So, I’ve been offline for some days now and I’ll continue to be until the end of the month. Development of tcpad is going fine and I just committed a few days of work into Perforce. This new work includes parsing of the TCP options and further SEQ/ACK analysis.
SEQ/ACK analysis is probably the most challenging task of this project, so it hasn’t been finished yet.
The good news is that I’m learning a lot about TCP and its extensions and it’s being thrilling!

In other news, my TCP ECN work will most likely be committed to FreeBSD-CURRENT RSN. ;-)

lii(4) driver for Attansic L2 ethernet (found on Asus Eee PC 700/701)

I’ve been hacking the NetBSD lii(4) driver so that it works under FreeBSD. This driver is most notably found on the Asus line of sub-notebooks, Eee PC. So far, so good. I did not finish the porting yet, but the mechanical changes are mostly done.
The reason for this is that I bought an Eee PC 701, hence I need this driver, :-), although I haven’t touched my Eee PC yet (it’s at my parents house). But I will do the first testing this weekend.

If you have this hardware and would like to help with the effort, please email me.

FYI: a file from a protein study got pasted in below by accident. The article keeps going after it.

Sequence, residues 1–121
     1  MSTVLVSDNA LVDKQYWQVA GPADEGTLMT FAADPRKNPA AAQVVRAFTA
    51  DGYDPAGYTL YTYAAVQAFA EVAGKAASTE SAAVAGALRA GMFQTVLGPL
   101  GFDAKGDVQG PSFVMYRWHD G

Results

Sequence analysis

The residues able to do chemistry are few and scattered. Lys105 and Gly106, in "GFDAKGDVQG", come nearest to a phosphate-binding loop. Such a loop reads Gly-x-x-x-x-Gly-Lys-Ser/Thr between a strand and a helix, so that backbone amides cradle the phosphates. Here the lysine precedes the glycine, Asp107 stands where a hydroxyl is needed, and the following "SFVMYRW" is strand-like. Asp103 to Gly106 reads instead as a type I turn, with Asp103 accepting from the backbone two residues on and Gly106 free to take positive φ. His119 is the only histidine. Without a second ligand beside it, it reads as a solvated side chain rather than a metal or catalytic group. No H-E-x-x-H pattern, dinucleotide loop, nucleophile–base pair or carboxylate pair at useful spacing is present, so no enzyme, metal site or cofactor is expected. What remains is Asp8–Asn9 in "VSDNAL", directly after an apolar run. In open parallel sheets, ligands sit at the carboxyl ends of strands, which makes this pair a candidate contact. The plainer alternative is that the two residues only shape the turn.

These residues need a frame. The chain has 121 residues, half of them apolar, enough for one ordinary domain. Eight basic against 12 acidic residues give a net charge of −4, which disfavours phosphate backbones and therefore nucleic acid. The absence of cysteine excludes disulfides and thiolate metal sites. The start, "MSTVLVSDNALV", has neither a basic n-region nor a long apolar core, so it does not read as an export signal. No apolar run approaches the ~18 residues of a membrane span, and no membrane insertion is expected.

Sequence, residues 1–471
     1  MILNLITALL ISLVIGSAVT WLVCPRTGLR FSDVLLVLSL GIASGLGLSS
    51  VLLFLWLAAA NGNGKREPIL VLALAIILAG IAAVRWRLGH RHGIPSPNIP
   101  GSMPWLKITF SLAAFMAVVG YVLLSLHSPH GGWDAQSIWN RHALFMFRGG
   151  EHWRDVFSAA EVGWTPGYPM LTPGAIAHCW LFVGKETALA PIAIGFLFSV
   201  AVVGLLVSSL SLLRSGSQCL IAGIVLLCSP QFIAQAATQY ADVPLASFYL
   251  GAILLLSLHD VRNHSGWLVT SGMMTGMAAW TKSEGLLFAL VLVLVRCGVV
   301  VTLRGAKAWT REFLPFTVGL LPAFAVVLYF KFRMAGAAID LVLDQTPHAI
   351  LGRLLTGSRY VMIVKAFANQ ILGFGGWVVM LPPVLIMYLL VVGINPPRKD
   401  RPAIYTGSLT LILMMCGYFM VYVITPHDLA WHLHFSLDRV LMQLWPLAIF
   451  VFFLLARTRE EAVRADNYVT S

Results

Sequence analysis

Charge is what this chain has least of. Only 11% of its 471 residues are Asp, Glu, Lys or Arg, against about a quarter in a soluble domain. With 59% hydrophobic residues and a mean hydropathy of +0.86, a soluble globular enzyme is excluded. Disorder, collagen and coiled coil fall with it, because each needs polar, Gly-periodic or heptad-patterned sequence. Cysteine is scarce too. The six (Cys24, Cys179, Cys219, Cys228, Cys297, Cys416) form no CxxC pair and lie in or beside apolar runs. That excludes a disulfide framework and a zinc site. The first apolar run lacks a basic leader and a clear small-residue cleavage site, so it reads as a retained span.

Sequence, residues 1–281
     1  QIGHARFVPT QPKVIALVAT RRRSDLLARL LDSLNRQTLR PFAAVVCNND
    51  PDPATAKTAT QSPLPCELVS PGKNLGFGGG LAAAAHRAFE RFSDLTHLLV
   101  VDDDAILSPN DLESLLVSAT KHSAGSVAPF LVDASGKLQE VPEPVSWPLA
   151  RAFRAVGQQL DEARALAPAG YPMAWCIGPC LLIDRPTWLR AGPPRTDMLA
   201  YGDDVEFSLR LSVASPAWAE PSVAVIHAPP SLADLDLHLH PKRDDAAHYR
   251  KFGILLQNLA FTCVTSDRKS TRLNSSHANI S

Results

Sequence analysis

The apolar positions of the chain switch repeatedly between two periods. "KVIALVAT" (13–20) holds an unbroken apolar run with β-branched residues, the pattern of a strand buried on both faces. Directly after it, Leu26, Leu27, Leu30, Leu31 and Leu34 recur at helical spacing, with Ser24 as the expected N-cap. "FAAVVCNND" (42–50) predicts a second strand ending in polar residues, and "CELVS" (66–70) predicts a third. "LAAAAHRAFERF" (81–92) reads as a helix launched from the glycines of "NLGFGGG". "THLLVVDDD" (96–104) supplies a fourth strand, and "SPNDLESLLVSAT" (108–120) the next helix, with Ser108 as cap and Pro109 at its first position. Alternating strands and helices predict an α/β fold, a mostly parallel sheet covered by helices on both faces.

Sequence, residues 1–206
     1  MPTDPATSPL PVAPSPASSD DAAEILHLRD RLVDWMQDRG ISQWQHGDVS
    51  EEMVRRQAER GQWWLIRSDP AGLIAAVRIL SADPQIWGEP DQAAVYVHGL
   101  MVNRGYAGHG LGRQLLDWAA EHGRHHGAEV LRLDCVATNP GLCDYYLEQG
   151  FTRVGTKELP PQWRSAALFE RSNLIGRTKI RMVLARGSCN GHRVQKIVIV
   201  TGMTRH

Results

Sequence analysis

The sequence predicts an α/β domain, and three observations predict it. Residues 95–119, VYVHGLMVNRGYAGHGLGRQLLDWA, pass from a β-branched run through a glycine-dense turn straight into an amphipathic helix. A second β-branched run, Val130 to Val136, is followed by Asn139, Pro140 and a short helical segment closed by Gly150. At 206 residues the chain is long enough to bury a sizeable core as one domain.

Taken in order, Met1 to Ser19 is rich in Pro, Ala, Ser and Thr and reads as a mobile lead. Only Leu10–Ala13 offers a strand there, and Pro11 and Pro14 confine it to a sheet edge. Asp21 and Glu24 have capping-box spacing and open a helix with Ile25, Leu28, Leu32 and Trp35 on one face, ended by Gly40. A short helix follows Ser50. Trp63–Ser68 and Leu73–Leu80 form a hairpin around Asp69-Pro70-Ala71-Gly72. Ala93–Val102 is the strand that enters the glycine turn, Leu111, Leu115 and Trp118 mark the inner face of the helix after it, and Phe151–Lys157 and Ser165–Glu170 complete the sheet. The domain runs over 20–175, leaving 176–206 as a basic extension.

The effort is being revision controlled at //depot/user/rpaulo/lii/.

tcpad status report #2

So, I found some time to continue my SoC work. tcpad is now capable of handling the most important TCP FSM transitions, like CLOSE_WAIT, FIN_WAIT_1, SYN_SENT, etc. I also implemented a basic timer facility that cleans up old connections in TIME_WAIT state. This still doesn’t honor the 2MSL required by the RFC, but it’s a start. :-)
I also cleaned the code a little and improved the debugging macro.

Next is SEQ/ACK analysis.

tcpad status report #1

So, I’ve been busy studying for this month’s exams. Hence, not much tcpad development time was spent.

Nonetheless, I’ve did the initial pcap processing, that is, saving selected packets to a pcap dump file. And that works. :-)

The next step is finish the TCP/IP processing. This includes FSM transitions and SEQ/ACK analysis.

FreeBSD on the MacBook: project last words

I’ve been running Mac OS X on my MacBook for some time mostly because I needed a very stable platform and good power management for college. But now that college is over, I decided to install FreeBSD again.

After a few hours of compiling/installing/configuring, I booted up Xorg. Of course, I never created a /etc/X11/xorg.conf file because new Xorg versions can auto-detect the hardware. After a few seconds of fluxbox usage, Xorg crashes. WTH? I tried to start it up again. The graphics card registers are in an unexpected state (that’s what the Xorg intel driver tells me). Double WTH?

Only a reboot fixed it.

The problem was that Xorg was using a 24 or 32 bit depth. It works fine with 16 bit.

Unfortunately, this is the “state-of-the-art” when it comes to Xorg and I’m so tired of it that I got back to Mac OS X. I’ve been enduring XFree/Xorg/<insert crappy application here> pain for some years now and I’m only 22 years old. I can try to fix FreeBSD, but I don’t have time to fix all the other applications.

As you may have guessed from the title, this means that I won’t devote my time to the FreeBSD on the MacBook project and, instead, I will dedicate myself to other FreeBSD projects.